Dissection of B-cell development to unravel defects in patients with a primary antibody deficiency

Mirjam Van Der Burg, Menno C. Van Zelm, Gertjan J A Driessen, Jacques J M Van Dongen

Research output: Chapter in Book/Report/Conference proceedingChapter (Book)Otherpeer-review

11 Citations (Scopus)

Abstract

The cells of the adaptive immune response (B and T lymphocytes) are powerful players in the immune system. Each lymphocyte creates a unique receptor for recognition of pathogens during precursor differentiation in bone marrow or thymus. Together, this results in a large repertoire of antigen receptors with the potential to recognize many different pathogens specifically. On top of this broad repertoire, the lymphocytes that actually recognize antigen are capable of undergoing enormous clonal proliferation, thereby generating huge numbers of daughter cells with the potential to recognize the same pathogen. This clonal expansion generates effector cells for a strong response and long-term memory in the form of memory B and T cells and immunoglobulin (Ig)-producing plasma cells.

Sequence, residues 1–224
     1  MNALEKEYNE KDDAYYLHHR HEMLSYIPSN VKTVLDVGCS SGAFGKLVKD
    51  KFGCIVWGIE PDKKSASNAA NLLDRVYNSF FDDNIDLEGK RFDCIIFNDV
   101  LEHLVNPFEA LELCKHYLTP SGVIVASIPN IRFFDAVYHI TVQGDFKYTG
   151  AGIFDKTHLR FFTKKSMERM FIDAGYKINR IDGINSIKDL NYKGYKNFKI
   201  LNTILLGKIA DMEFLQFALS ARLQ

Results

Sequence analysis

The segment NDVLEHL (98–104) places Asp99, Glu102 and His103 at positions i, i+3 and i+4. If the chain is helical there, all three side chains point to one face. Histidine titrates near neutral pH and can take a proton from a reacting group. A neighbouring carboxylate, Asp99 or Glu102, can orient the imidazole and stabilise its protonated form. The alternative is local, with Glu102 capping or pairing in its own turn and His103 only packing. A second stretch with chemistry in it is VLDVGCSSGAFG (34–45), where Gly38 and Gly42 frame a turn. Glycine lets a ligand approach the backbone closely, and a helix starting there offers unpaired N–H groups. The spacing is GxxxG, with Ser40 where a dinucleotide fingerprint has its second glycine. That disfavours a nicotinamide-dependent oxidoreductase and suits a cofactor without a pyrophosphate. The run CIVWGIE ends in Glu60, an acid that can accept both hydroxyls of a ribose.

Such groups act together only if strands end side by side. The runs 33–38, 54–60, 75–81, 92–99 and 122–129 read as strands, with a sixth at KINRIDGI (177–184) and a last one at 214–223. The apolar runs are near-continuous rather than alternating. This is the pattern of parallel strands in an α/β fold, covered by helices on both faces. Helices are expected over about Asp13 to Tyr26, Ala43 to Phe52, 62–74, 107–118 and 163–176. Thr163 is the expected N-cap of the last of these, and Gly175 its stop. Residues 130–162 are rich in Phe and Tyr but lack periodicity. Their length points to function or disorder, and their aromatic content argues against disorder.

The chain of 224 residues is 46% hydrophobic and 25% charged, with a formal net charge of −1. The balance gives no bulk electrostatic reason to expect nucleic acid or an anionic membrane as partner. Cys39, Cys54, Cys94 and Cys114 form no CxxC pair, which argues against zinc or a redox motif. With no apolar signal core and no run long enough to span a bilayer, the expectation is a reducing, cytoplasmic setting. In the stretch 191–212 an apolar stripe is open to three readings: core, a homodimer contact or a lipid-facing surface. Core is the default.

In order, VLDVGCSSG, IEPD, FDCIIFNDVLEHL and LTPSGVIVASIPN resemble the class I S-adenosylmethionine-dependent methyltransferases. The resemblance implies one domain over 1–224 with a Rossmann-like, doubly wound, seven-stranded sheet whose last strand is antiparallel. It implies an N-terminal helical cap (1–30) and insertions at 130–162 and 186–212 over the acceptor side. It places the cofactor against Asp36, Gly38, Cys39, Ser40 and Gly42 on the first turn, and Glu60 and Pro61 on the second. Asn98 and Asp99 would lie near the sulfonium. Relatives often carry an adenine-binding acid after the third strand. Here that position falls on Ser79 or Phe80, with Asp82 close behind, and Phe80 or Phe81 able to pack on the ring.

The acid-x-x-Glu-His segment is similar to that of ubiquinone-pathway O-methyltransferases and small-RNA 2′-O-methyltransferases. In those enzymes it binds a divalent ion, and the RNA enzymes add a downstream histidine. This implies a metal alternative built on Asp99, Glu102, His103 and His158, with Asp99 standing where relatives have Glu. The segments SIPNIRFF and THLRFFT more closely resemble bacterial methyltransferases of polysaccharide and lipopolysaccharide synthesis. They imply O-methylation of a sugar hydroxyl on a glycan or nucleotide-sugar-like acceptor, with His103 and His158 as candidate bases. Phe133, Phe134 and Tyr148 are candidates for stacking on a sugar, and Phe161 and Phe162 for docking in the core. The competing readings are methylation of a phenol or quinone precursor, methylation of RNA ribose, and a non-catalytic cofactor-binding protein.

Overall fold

Original languageEnglish
Title of host publicationHot Topics in Infection and Immunity in Children VII
EditorsNigel Curtis, Adam Finn, Andrew J. Pollard
Place of PublicationNew York NY USA
PublisherSpringer
Pages183-196
Number of pages14
Volume697
ISBN (Electronic)9781441971852
ISBN (Print)9781441971845
DOIs
Publication statusPublished - 2011
Externally publishedYes

Publication series

NameAdvances in Experimental Medicine and Biology
PublisherSpringer
Volume697
ISSN (Print)0065-2598

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